But there are days when her pain takes priority. “I don’t try to push through the pain. So on days that I feel well, I’ll paint a lot, and on days where I’m in pain, I give my elbows a rest,” she says.

Angela began feeling pain in her hands and hips about seven years ago. Anti-inflammatories didn’t help, and as with many others who have RA, she wasn’t diagnosed quickly. After lab tests turned up negative for rheumatoid factor, she says her first rheumatologist “blew me off.”

It wasn’t until 2015, when her hands began swelling and her pain became worse, that Angela found a rheumatologist who listened to her, ran tests and diagnosed with RA.

“I cried when I learned I had RA,” she says, “The diagnosis offered me validation that my symptoms weren’t something just in my head.”

Her doctor prescribed methotrexate, which initially helped, but also made Angela, who has type 1 diabetes, feel sick. Corticosteroids were also off limits. “[They] make my blood sugar high, so I’m limited as to the medications I can take,” she says.

To manage her RA, she walks, meditates and rests when needed. She’s working with her doctor to find a medication regimen that’s right for her; currently she is trying a targeted disease-modifying antirheumatic drug (DMARD).

“My doctor would like to prescribe [a biologic], but my insurance will only cover a portion of the medication, so right now it’s not an affordable option.”

Angela uses her experience to educate people about RA. And she’s learned how important it is to keep trying if you don’t feel you’ve gotten the right diagnosis or treatment.

“Having a doctor who listens to you and can monitor your RA makes a world of difference,” she says.

Alyssa Pesesky: “I hope to offer support to others”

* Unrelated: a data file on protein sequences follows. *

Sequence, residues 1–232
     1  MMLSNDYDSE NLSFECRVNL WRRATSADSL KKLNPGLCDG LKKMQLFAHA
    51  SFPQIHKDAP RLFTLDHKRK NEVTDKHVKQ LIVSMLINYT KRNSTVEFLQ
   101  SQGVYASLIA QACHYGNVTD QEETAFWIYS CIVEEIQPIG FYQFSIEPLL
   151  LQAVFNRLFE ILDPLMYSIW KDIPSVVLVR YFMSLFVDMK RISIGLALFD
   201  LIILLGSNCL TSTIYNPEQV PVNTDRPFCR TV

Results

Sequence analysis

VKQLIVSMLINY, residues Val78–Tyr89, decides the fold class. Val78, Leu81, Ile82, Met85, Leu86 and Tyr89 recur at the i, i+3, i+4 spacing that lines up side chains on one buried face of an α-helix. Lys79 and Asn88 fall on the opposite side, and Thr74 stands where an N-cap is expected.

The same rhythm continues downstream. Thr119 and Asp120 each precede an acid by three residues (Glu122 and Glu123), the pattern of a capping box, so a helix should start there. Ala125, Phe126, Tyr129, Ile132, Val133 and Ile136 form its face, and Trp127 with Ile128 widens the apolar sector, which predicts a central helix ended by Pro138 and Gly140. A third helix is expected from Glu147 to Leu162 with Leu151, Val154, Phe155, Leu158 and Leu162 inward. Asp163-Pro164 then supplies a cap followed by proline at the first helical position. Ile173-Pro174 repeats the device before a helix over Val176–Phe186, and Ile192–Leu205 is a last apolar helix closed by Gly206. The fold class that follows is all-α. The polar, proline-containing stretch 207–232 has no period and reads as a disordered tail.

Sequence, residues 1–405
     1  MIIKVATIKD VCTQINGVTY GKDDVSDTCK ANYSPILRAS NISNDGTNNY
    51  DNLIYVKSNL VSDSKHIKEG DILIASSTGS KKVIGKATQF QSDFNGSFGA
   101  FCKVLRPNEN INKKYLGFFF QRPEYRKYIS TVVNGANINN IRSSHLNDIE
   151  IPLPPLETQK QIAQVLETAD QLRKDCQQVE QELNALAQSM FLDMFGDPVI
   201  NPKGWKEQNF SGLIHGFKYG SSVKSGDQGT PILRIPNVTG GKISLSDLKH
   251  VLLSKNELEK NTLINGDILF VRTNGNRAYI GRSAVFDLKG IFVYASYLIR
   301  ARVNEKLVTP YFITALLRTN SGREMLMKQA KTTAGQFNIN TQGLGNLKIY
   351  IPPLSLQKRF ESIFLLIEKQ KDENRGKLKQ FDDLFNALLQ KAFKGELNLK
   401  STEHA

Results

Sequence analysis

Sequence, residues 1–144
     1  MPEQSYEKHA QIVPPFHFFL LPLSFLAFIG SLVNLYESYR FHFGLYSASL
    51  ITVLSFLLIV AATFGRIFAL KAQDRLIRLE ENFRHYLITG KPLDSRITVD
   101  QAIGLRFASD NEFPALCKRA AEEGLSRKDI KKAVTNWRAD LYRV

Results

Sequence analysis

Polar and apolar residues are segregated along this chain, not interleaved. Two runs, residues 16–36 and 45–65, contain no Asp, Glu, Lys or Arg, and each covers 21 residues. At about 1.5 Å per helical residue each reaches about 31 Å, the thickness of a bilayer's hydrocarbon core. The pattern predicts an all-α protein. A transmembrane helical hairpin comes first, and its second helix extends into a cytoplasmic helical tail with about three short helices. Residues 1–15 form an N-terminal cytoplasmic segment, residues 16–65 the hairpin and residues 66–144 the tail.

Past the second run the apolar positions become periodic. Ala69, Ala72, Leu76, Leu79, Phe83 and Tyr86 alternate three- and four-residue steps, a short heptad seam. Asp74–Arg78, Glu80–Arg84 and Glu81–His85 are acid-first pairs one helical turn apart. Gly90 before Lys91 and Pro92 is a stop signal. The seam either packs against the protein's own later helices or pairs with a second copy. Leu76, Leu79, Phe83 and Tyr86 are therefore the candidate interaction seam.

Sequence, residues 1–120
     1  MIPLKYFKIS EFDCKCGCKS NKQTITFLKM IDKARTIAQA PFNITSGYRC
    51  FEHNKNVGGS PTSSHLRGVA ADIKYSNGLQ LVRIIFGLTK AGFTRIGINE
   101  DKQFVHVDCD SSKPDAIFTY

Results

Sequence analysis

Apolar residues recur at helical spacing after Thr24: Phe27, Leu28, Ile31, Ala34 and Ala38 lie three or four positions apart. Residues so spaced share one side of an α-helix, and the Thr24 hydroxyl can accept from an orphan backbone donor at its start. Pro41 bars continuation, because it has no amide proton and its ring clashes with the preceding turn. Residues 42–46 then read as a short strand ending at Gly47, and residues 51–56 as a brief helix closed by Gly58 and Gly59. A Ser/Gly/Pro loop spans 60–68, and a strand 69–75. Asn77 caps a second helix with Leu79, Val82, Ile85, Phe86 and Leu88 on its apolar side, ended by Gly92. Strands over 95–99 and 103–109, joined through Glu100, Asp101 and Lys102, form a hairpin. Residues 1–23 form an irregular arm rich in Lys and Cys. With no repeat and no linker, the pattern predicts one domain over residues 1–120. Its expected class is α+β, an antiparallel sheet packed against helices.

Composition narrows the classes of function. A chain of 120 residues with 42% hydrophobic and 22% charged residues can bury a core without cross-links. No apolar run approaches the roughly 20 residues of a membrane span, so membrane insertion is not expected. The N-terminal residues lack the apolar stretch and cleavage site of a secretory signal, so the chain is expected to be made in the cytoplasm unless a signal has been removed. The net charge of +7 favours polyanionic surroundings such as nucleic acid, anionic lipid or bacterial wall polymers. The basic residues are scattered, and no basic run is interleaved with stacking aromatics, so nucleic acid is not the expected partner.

Alyssa PeseskyAlyssa Pesesky was 18 and preparing to go to college when she was hit with what she thought was a horrible case of the flu.

“I had a general achiness, and every time my hands or feet touched something, it was painful,” she says.

She was a student at LIM College, a fashion business school in New York City, but her arthritis kept her from taking a study-abroad opportunity.

“I was in the midst of going through tests to find out if I have Lyme disease, lupus or arthritis. I didn’t feel comfortable traveling outside of the United States when I didn’t know what was going on and how to control my pain,” says Alyssa, who still managed to serve as a student orientation leader and on the student council before graduating with a degree in business administration/fashion merchandising.

Now 26, Alyssa works as an assistant manager at a jewelry store in Elmira, New York. To manage her symptoms, Alyssa does low-impact exercises such as stretching, yoga and weight and elliptical machines two or three times a week.

She’s also become a leader in her local Arthritis Support Network group.

“It was a weird feeling to be in college and to learn I had a health condition that I would have for the rest of my life – and because it’s an invisible illness, not everyone would understand how I was feeling,” Alyssa says. She hopes, through the support group, to “offer education and support to others who have been diagnosed with arthritis.”

Author: Linda Childers